, ,

Prosperity without Growth

Ever since I was introduced to Tim Jackson’s mind-blowingly smart criticism of exponential economic growth, I feel the need to qualify growth in my endeavours and my business name.

The first edition of Tim Jackson’s revolutionary assessment of the astounding flaws in our current economic thinking was first published in 2009. A substantially revised second edition (Prosperity Without Growth: Foundations for the Economy of Tomorrow) has been published in January 2017.  The book summarises the evidence showing that, beyond a certain level of comfort, further growth does not increase human wellbeing. Prosperity without Growth analyses the relationships between economic growth, climate change and social recession. It proposes a route to a sustainable economy without growth and argues for a redefinition of “prosperity” in light of the evidence on what really contributes to people’s wellbeing. As Jackson points out, what really truly matters hardly ever is of material nature once basic needs are met and survival is secure. In the wake of technological progress and the pursuit of ever-increasing profits, financial growth and its “skewed priorities” are linked to human exploitation and environmental destruction, which Jackson refers to as the “age of irresponsibility”. “The clearest message from the financial crisis of 2008 is that our current model of economic success is fundamentally flawed. For the advanced economies of the Western world, prosperity without growth is no longer a utopian dream. It is a financial and ecological necessity.” Jackson proposes a “Servicization” of the economy which would best support the circular economy (reuse-reproduce-recycle) that could not only save our planet but play a major role in supporting mental well-being and prosperity. Jackson explains how an emerging economic model could be the blueprint for the economy of tomorrow – an economy that provides plenty of purposeful work and treads lightly on the environment.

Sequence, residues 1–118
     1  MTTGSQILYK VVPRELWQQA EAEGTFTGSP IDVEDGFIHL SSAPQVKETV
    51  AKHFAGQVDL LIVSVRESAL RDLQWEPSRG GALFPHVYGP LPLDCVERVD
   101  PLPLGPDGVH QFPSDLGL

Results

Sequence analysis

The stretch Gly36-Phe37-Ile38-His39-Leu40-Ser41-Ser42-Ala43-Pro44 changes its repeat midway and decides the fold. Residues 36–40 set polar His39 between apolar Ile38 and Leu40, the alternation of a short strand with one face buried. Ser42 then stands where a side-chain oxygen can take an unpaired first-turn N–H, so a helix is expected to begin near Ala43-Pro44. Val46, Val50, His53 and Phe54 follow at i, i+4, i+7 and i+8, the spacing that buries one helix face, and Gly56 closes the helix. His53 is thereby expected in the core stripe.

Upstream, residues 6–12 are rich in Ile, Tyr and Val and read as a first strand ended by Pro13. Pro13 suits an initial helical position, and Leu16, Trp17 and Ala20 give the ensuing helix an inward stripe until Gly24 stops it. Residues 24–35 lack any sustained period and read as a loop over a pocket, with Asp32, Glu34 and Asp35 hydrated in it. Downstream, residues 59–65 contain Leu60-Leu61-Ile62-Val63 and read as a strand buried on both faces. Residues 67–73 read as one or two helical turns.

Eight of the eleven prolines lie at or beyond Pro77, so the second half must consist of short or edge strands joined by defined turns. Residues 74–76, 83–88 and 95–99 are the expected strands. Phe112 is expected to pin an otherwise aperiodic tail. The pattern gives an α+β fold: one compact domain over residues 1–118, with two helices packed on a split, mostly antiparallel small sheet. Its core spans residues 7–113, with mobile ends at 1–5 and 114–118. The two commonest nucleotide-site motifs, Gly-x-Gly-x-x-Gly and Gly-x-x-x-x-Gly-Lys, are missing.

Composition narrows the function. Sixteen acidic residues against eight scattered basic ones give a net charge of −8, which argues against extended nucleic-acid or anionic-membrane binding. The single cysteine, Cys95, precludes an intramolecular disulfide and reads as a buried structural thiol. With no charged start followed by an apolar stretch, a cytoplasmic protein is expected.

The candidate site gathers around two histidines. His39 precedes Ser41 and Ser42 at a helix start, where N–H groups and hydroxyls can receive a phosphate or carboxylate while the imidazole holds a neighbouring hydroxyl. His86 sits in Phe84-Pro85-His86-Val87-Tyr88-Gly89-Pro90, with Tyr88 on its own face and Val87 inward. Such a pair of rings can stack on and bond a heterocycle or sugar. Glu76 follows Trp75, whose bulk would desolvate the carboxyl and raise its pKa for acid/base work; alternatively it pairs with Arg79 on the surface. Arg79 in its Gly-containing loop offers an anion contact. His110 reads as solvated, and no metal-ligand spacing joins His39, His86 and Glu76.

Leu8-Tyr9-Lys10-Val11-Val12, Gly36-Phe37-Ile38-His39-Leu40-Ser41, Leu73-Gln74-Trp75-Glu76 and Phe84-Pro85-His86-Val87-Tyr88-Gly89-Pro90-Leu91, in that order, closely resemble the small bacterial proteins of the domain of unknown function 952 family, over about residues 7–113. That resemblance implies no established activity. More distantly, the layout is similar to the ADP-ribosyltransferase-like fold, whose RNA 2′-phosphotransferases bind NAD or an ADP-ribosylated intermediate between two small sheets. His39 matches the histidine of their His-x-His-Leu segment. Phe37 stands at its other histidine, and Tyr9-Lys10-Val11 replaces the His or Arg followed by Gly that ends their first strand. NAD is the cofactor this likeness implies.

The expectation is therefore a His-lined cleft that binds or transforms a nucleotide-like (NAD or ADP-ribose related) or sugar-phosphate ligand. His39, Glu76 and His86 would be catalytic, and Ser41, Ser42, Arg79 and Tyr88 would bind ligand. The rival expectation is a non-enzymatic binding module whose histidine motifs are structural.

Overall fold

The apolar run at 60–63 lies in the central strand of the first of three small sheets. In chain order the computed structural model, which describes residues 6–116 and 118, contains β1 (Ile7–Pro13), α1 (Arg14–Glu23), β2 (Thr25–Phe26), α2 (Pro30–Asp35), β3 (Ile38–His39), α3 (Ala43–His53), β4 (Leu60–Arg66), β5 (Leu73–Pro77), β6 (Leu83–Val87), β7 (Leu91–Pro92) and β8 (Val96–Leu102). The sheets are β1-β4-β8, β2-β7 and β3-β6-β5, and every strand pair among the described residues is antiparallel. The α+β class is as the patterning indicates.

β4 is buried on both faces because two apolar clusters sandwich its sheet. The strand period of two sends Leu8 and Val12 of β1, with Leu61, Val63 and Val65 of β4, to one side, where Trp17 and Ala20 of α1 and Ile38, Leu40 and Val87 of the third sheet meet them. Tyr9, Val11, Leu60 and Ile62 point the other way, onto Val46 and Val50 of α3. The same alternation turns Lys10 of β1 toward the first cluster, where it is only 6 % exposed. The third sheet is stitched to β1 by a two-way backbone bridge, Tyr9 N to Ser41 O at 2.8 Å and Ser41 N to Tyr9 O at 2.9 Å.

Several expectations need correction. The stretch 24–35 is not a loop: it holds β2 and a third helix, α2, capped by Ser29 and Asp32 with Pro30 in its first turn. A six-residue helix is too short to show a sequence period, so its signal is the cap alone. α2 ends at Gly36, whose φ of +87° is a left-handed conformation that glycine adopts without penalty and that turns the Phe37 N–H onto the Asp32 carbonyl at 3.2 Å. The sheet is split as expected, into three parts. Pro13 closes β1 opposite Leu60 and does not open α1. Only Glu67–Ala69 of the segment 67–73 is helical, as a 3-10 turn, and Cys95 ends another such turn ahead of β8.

The book was described “one of the most outstanding pieces of environmental economics literature in recent years.” I certainly agree! The book is surprisingly easy to read, and even humorous in places. I would highly recommend it as inspiration for your own journey to sustainability!